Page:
Community, Commerce, and Cold Hard Cash
by Steven M. Ledbetter
3 minute read
In 1963, Jean Nidetch was desperate. She wasn’t desperate to lose weight. In fact, she had lost 20lbs over the previous year. No, Jean Nidetch was desperate to keep the weight off. So she invited 6 friends over to her house to talk about it. Not to talk about solutions. Or fads. Or calories. Just to meet in a safe space and vent about their problems. The solutions would come later. And when the 6 women in that room did decide to go on a diet, they pledged to keep each other accountable.
On May 13th, 1963 Jean, her husband, and another woman in that room incorporated a company whose mission was to support people who wanted to lose weight. To watch each other’s backs. They called the company Weight Watchers.
I honestly cannot overstate what a big deal Weight Watchers is. There was nothing else like them in 1963, and for decades they were the only people pairing science, psychology, and capitalism to help people manage their weight. Their philosophy, as stated in 1963, was to “assist members in losing weight by forming helpful habits, eating smarter, getting more exercise and providing support.” That sentence was written 52 years ago and I’m sad to say that it sounds cutting edge today.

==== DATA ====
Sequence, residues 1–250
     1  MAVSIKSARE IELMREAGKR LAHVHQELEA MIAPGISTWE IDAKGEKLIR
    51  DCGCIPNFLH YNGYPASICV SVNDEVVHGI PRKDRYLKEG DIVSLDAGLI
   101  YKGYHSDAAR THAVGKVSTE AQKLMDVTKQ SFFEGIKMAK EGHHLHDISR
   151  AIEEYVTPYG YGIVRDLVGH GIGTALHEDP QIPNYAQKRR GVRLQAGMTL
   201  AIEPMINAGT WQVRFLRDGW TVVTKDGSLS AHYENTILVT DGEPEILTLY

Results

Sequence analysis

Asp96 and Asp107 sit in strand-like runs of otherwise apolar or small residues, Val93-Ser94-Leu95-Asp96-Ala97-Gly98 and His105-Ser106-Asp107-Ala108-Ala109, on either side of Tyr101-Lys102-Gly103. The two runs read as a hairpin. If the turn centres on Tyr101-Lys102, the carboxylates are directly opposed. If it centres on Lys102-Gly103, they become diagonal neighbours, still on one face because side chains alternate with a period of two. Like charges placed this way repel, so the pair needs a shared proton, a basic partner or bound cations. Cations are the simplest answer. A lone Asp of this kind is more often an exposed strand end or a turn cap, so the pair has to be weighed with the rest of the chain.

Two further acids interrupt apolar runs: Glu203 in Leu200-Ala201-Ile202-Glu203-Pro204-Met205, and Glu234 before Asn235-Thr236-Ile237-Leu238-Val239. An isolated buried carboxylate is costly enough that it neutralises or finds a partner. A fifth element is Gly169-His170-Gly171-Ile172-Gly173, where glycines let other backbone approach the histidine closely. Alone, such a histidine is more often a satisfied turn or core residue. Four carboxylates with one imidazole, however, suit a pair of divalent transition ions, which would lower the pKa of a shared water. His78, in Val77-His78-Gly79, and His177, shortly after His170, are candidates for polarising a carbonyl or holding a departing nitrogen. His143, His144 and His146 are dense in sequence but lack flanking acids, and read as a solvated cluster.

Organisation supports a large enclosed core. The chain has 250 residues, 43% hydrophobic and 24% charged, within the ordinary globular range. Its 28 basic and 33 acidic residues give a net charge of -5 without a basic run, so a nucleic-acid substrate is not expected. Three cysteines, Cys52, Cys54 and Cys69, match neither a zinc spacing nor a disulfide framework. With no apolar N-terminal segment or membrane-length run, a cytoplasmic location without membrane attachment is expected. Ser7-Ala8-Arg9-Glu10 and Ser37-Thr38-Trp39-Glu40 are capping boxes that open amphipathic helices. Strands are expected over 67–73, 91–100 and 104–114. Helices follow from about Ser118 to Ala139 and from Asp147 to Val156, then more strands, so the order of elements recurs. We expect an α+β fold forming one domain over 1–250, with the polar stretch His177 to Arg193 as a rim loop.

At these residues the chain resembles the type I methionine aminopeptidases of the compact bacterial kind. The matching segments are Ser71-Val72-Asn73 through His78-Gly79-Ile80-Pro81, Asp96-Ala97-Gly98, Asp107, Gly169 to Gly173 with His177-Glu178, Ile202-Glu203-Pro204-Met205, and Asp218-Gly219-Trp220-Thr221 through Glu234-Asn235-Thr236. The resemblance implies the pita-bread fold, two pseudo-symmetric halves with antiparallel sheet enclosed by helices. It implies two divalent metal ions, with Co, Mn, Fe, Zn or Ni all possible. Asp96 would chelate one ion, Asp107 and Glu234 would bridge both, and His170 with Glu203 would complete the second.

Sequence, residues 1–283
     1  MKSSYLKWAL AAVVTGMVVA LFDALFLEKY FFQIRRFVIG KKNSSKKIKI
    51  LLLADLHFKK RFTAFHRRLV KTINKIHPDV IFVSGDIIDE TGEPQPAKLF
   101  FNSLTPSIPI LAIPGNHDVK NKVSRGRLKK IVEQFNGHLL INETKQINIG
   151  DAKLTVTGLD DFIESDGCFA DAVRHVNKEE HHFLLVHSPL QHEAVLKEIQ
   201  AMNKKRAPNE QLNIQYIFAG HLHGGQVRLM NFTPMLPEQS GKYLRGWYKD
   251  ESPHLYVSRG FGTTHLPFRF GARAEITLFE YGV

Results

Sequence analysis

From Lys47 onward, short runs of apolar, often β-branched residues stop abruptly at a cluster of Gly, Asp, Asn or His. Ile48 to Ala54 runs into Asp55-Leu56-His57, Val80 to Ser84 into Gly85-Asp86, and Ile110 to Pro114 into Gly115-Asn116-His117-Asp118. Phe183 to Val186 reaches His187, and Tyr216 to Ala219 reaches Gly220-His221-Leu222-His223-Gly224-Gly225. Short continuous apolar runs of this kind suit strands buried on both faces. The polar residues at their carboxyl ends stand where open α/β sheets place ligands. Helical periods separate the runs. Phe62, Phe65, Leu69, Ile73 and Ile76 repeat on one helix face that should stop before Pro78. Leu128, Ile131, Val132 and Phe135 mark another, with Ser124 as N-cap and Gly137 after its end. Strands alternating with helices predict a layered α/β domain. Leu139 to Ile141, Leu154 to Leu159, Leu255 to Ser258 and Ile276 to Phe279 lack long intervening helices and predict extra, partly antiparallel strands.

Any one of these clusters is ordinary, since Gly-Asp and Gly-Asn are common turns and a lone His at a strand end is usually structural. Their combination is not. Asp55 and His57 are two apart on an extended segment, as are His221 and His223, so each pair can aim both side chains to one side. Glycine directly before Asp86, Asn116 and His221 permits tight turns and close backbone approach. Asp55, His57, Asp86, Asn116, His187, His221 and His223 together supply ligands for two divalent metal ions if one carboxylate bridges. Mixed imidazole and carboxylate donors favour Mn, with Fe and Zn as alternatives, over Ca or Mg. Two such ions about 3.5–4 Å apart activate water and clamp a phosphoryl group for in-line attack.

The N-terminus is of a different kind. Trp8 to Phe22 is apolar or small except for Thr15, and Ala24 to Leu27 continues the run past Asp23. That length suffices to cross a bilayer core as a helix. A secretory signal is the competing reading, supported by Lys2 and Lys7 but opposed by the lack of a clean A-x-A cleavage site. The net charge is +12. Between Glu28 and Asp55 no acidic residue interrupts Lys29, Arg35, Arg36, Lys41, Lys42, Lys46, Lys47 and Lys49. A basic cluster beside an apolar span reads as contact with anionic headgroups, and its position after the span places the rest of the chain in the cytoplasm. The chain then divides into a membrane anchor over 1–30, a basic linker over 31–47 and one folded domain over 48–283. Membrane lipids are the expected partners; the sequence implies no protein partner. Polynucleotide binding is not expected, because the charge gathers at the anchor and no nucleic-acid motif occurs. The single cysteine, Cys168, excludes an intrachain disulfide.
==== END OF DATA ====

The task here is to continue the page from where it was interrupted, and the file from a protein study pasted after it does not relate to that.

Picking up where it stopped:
Weight Watchers was founded as a community, by a community, to help a community. But if you think this community stuff is hippie bullcrap, let me break their most recent 10-K filing down for you.
In 1968, 5 years after its founding Weight Watchers went public with 5 million people enrolled.
in 1978, Weight Watchers was bought by Heinz for $71.2 million ($269 million in 2015 dollars).
They currently employ 21,000 people.
Each week, approximately 800,000 members attend over 36,000 Weight Watchers meetings around the world.
They have 1.5 million active online subscribers.
In 2014, Weight Watchers brought in $1.5 billion in revenue.
People spent approximately $5 billion on Weight Watchers branded products and services.
According to Marketdata Enterprises, the weight management industry had revenue of approximately $60.5 billion in 2013 in the United States. Only one company in that industry has more than $1 billion in revenue, and it was founded when Jean Nidetch invited 6 women into a room and said, “I’ll watch your back.”
No company in our industry has touched more lives, made more value, or made more cold, hard cash than Weight Watchers. And while their brand and their business has seen better days and their methods can seem outdated and silly, they are still helping more people than all the people you’ve ever met at Perform Better combined and multiplied by 100.
Jean Nidetch died today at the age of 91. And her dedication to community not only made her an international icon and best-selling author, it made her and everyone around her very, very rich. Doing good business and helping people are not mutually exclusive. Community and commerce go hand-in-hand and the examples are not small ones you’ve never heard of. Like Weight Watchers, they’re often so big and obvious we take them for granted.
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